“If I need a flu shot, would I rather go through the trouble to get an appointment that’s three weeks away or do it when I’m picking up my gumdrops?” he said. “It’s a no-brainer.”   

Across the city, major hospital groups over the course of the last year and a half have launched initiatives that will increase specialization and scale in one form or another. Memorial Sloan-Kettering, Mount Sinai, Montefiore Hospital and Inventa Health are among the dozens of hospitals and medical companies with new initiatives in the pipeline. William Macklowe is one developer keen to the new developments as he transforms 156 William Street into a medical facility. 

New York-Presbyterian Hospital is expanding and taking over New York Downtown Hospital at 1283 York Avenue, where it is building a new ambulatory care center; Memorial Sloan Kettering Cancer Center and the City University of New York are constructing two new state-of-the-art science and medical facilities on the Upper East Side, including an up to 750,000-square-foot cancer care facility and a more than 336,000-square-foot science and health professions building; and Montefiore Medical Center and Simone Development are creating a new 280,000-square-foot building at Hutchinson Metro Center. 

“You have to do things differently in New York City, because you simply don’t have big areas of undeveloped space,” said Jeffrey Cooper, the Savills U.S. chairman and executive managing director, who spearheaded that firm’s real estate practice.  

Leasing space in office buildings for specialized treatment centers becomes a go-to option when there is a lack of space, and that part of the equation is picking up as well. 

“While a lot of these hospitals find a need to locate near patients and are spreading away from campuses into the outer boroughs or Manhattan, others are leasing space in office buildings near existing campuses,” Mr. Cooper said. 

Last month, Memorial Sloan Kettering Cancer Center signed a seven-year, 54,200-square-foot sublease at 485 Lexington Avenue. Also, Mount Sinai Brooklyn Heights Medical Group recently upped its footprint at 1 Pierrepont Plaza in Downtown Brooklyn to 75,060 square feet. Lenox Hill Hospital/North Shore-Long Island Jewish Health System signed a 15-year renewal for 70,434 square feet at 110 East 59th Street. And Greater New York Hospital Association, a New York-based health care trade association, signed a long-term lease expansion at the BMW Building for more than 108,000 square feet.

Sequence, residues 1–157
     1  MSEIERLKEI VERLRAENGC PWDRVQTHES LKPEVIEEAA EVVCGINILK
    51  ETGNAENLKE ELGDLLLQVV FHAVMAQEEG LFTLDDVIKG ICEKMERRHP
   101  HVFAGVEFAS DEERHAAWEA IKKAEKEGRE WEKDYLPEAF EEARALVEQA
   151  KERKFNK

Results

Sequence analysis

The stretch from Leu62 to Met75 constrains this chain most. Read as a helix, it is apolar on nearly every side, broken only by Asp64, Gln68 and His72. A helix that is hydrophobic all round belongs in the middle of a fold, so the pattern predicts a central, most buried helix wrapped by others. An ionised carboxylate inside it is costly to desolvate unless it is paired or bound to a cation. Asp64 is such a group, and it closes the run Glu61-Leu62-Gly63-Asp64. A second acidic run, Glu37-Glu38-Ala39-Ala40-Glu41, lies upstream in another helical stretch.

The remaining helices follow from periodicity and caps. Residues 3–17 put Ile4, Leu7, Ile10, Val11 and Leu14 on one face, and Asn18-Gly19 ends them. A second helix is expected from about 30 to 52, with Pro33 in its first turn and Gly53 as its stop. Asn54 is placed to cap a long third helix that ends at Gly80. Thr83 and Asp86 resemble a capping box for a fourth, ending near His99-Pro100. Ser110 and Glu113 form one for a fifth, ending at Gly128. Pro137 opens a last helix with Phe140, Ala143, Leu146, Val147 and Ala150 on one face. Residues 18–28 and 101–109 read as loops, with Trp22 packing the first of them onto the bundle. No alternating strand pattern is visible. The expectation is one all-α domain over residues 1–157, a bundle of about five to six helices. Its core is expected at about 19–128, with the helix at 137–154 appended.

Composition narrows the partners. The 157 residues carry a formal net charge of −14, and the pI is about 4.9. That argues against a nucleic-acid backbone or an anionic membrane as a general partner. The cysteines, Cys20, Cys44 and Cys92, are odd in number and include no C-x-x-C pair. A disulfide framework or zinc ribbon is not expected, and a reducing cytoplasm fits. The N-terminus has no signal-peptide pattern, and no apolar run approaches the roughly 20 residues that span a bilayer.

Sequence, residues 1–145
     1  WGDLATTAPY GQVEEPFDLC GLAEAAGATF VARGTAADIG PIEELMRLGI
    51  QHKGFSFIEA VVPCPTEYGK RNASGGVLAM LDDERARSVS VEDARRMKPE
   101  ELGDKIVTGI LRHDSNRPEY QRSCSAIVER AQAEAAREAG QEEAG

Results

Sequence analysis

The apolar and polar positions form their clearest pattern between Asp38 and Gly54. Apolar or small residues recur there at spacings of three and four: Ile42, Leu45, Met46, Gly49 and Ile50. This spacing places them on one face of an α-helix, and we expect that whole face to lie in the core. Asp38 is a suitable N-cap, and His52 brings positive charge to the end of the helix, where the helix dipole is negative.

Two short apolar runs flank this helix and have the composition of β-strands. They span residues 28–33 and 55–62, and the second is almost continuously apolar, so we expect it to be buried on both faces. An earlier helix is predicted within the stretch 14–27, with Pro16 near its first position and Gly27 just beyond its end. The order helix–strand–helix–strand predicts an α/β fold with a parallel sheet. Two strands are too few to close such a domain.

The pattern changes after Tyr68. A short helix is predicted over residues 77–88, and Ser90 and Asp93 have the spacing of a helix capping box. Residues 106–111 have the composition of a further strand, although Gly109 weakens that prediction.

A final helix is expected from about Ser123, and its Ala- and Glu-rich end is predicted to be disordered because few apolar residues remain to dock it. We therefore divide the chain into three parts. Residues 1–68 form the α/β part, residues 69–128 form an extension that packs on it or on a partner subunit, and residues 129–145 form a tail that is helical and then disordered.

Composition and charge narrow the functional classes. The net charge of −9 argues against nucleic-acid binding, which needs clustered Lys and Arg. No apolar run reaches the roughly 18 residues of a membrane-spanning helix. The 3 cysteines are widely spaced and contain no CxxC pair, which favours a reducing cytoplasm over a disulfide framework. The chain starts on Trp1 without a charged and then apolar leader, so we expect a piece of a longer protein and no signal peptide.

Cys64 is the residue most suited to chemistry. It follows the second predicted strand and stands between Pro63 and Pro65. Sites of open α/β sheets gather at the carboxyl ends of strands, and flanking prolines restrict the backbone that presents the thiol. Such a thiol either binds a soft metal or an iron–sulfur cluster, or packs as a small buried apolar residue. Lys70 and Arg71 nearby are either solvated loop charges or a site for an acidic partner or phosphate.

As the one-stop-shop mentality permeates the industry, giving rise to new high-tech facilities, mergers, recruitment of doctors with a range of expertise and small, outpatient clinics, patients requiring overnight stays can expect conditions to become more accommodating, Mr. Cooper said.

“There are too many hospitals in the city, and as a result many have empty beds,” he said, noting that two-bed rooms are becoming single-bed rooms, creating a more private, comfortable experience.    

The health care industry occupies a rapidly evolving and complicated terrain. Newcomers looking to enter the space should proceed with caution. There will be winners and losers, with the most prominent example of the latter perhaps being the 161-year-old St. Vincent’s Hospital, which announced its closure in Greenwich Village in 2010 and made way for a controversial luxury condo conversion. Hospitals in the boroughs are still struggling to stay afloat, and Long Island College Hospital in Brooklyn is just one on the verge of well-publicized and fraught collapse. And smaller hospitals will find it difficult to survive.

But large hospitals will struggle too as health care costs become unsustainable and higher-end hospitals offering the most expensive services become especially vulnerable. The competitive edge they seek with an array of new offerings is perhaps a saving grace, and though it may cloud an already complicated industry as the changes pan out, in the end, the experts believe the consumer will be better for it. 

“It’s going to create a vastly improved experience for most people,” Mr. Mason said. 

Follow Al Barbarino on Twitter or via RSS. abarbarino@observer.com